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Just Arrived in This World

[16.09.23 – 21.10.23]


Cui Xinming


12/F, Blue Box Factory Building, 25 Hing Wo Street, Aberdeen, Hong Kong 

(Related files)

Kiang Malingue is pleased to present on the twelfth floor of its Tin Wan studio space “Just Arrived in This World”, an exhibition of new paintings by Cui Xinming. The painter’s fourth solo exhibition with the gallery features more than a dozen oil paintings on wood board and canvas, expanding themes and series developed in the exhibition “Differentiation” in 2018. The artist’s sincere yet surreal depictions of everyday scenes with absurd elements respond to the profound impact on life by recent global and local crises.

Cui Xinming’s early painting practice revolved around theatrical narratives by highlighting the contrast between thematic, fiery elements in crimson or faded red and glooming backgrounds that were frigid and sombre. Long-term series such as Black Hole of Memories from 2011 and Sleepwalker from 2013 are exemplary of the artist’s intent to reflect psychological tension by building highly detailed architectural environments in which an isolated community is caught. For the exhibition “Differentiation” in 2018, Cui created a group of paintings organised in pairs, examining dichotomised relationships such as ancient—modern; exposed—concealed; lucid—chaotic, measuring the possibility of reconciling Chinese classical thought with western artistic traditions.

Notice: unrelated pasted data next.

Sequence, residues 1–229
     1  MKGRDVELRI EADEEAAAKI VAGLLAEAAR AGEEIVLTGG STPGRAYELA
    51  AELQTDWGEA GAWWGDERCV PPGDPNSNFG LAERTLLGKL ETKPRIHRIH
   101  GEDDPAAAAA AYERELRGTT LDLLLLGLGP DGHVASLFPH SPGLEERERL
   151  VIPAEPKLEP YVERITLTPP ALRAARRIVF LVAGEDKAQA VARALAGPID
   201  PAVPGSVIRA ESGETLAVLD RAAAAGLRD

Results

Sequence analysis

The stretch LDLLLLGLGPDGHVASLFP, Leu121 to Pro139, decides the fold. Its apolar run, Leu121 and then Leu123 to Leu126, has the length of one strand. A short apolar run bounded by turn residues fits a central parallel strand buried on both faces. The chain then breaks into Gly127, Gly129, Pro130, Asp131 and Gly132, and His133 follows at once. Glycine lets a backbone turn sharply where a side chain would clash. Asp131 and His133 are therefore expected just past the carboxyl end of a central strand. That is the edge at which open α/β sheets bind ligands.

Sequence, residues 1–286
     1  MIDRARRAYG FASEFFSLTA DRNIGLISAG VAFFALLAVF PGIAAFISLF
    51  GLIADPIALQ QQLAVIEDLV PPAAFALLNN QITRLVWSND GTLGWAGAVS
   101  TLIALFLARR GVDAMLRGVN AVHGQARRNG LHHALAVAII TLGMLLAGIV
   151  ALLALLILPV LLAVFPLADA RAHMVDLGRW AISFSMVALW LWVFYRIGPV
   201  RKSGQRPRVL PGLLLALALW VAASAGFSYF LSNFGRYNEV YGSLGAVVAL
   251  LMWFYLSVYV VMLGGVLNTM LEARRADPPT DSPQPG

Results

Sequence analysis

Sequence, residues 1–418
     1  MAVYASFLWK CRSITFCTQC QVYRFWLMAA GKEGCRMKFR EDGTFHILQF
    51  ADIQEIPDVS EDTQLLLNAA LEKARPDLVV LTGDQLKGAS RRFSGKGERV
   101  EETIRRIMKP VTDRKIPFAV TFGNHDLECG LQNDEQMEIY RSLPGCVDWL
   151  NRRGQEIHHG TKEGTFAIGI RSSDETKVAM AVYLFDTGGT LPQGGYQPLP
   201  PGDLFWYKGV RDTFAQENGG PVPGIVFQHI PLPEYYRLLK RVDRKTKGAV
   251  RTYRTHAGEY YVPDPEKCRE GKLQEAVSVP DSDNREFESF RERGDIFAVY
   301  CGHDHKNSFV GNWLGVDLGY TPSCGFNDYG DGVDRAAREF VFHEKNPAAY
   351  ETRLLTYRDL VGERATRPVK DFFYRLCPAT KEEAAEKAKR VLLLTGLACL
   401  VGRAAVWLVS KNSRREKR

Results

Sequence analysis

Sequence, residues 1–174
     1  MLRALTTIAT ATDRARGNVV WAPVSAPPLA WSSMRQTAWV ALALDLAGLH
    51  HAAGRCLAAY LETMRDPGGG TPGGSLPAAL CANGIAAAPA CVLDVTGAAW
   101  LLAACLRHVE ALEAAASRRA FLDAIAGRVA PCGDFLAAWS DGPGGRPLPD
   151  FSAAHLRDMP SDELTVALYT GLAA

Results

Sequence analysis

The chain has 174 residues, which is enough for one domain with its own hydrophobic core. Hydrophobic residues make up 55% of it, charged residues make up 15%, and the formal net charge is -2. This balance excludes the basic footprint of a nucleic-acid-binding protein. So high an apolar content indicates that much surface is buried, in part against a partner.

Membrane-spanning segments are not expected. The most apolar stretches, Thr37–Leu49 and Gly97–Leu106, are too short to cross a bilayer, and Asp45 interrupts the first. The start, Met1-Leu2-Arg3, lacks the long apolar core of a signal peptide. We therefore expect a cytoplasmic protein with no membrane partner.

The paintings included in “Just Arrived in This World” crystallise the continued development of Cui Xinming’s artistic language, and are representative of the accumulated yet ruptured life experience due to the outbreak of the global pandemic in 2019. Among the earliest works in the exhibition is the small-scale Genre Painting Study (Treasure Seeking) (2019) which captures and transforms a mundane and absurd sight — a hawker vending an alligator snapping turtle dug up from a construction site. For Cui, this fragment of reality that is at once common and complex brings together a variety of topics including commerce, land and environmental change, exotic animals, and different traditions of mysticism. This full-length portrait of the man, evocative of poised cavaliers in Dutch golden age portraits, demonstrates the use of “scratching and white-piercing” techniques in a painting process described by the artist to be akin to a type of “total casting” — fully integrating disparate compositional parts as if in one unifying stroke.